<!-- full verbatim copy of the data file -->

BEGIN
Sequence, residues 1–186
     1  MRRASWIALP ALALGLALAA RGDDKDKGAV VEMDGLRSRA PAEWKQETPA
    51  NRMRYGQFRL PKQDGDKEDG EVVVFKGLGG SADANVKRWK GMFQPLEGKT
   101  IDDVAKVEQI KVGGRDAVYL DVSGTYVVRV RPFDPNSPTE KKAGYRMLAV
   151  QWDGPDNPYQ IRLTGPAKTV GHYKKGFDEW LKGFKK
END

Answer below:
Sequence, residues 1–186
     1  MRRASWIALP ALALGLALAA RGDDKDKGAV VEMDGLRSRA PAEWKQETPA
    51  NRMRYGQFRL PKQDGDKEDG EVVVFKGLGG SADANVKRWK GMFQPLEGKT
   101  IDDVAKVEQI KVGGRDAVYL DVSGTYVVRV RPFDPNSPTE KKAGYRMLAV
   151  QWDGPDNPYQ IRLTGPAKTV GHYKKGFDEW LKGFKK